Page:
What a difference a day can make.
Johns Hopkins students, staff, and faculty—and hundreds of other volunteers from the region—came together at the Baltimore Convention Center on Oct. 2 for Project Homeless Connect, a daylong resource fair designed to provide homeless people in the community with the services and tools they need to overcome their challenges.
Starting early in the morning, participants arrived by the hundreds to get a haircut, dental care, Social Security card, state photo ID, and other items and services that many of us take for granted.
Project Homeless Connect is a service offered by the United Way of Central Maryland, which for decades Johns Hopkins University has directly supported through its United Way campaign. The JHU campaign, which this year launched Oct. 1 and runs until Dec. 12, consists of various events and activities to raise awareness of local agencies and efforts that help people get out of crisis, stabilize, and achieve self-sufficiency.
Project Homeless Connect was brought to Baltimore in 2012 as part of a national model that emerged in San Francisco in the early 2000s. Its major sponsors this year were United Way of Central Maryland, Journey Home, Exelon, and the Mayor's Office of Human Services.
Scott Gottbreht, a Johns Hopkins graduate student and program manager for Project Homeless Connect, took on a leadership role in the program's inception here.
"The first year was such a success that Baltimore has continued the event, and it has only been gaining strength ever since," says Gottbreht, a student in the Krieger School's Humanities Center whose doctoral dissertation focuses on the portrayal of homelessness during the housing crisis. "We leveraged Hopkins' spirit of volunteerism in order to create university and community partnerships that enabled the event to come to fruition."
This year, nearly 2,400 volunteers were on hand for a program that has been named by United Way Worldwide as a national best practice model.
The 175 volunteers from Johns Hopkins—many of them recruited by students in the university's Center for Social Concern, or CSC—included undergraduates, graduate students, staff, and faculty. School of Medicine students served as liaisons to determine participants' medical needs and priorities and offer strategies to take care of them. The Carey Business School led the employment and education area during the planning and orchestration of the event. JHU undergrads worked on the project for the entire summer under the auspices of the CSC's Community Impact Internship Program. SOURCE (Student Outreach Resource Center) at JHMI participated in volunteer recruitment. The Johns Hopkins Women, Infants and Children Program, the Johns Hopkins Community Health Partnership, and the JHU Center for AIDS Research all provided direct services.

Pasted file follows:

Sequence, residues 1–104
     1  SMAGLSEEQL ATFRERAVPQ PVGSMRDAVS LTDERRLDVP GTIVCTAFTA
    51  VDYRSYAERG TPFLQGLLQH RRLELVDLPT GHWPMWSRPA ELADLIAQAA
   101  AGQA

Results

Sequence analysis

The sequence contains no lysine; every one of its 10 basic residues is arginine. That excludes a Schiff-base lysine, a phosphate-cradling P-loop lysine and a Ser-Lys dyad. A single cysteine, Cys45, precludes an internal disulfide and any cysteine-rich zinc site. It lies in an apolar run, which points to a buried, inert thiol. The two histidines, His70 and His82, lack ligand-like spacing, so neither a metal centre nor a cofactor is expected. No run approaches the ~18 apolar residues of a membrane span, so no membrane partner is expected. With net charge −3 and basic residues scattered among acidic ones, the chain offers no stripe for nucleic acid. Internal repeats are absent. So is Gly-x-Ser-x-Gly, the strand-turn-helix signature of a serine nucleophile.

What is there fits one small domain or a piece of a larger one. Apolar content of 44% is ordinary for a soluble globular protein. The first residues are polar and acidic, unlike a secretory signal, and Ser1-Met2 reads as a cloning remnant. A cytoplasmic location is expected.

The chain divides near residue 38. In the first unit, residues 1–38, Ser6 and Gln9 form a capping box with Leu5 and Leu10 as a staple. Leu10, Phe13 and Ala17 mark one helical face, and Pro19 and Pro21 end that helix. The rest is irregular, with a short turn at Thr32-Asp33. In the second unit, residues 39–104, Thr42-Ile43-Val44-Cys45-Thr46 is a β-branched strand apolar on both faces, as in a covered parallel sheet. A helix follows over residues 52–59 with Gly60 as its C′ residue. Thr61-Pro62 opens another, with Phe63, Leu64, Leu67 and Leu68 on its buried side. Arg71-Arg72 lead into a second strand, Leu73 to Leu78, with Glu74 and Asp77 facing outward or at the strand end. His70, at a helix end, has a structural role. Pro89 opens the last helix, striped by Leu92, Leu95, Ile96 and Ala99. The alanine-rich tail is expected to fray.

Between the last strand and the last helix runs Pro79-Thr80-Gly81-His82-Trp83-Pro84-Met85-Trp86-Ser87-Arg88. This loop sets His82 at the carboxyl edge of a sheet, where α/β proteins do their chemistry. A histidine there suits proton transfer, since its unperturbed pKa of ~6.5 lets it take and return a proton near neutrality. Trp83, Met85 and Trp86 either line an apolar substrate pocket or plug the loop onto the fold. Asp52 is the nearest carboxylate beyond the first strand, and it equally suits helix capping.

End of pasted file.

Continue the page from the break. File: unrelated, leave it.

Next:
"Most resource fairs will leave participants with a stack of papers and phone numbers for them to call at a later time," Gottbreht says. "Project Homeless Connect focuses on on-site services so that participants can go to a dentist or doctor and leave with medicine right away. They can fill out a resume and talk to an employer, get groceries and other direct services right on the spot."
Participants were matched with guides to walk them through the fair and connect them with services that could help start to knock down the barriers keeping them from self-sufficiency. Nearly 2,000 people were helped.
Project Homeless Connect is one of the many ways that Johns Hopkins is committed to improving Baltimore communities, says Kathleen Crostic, community programs manager for the Johns Hopkins Office of Work, Life and Engagement and the liaison between United Way of Central Maryland and the university.
Last year, the JHU and JHM campaigns collectively raised $2,291,346. The university's goal for this year is $525,000, which Crostic is confident will be met and likely exceeded. The goal for the recently completed JHM campaign was $1.66 million. David Andrews, dean of the School of Education, is chair of the university's campaign. Charlie Reuland, executive vice president and chief operating officer of Bayview Medical Center, chairs the JHM campaign, which ran from Oct. 14 to Nov. 1.
As in past years, employees can designate all or part of their donation to the Johns Hopkins Neighborhood Fund, which supports agencies that serve communities in close proximity to Johns Hopkins campuses and have a strong relationship with Johns Hopkins and its employees.
"United Way is one of the many ways for employees to give back, and our neighbors get to see that Johns Hopkins is really connected and committed to our communities," Crostic says.
Donations can be made online at https://login.johnshopkins.edu/unitedway or by filling out a paper pledge form in the Office of Work, Life and Engagement.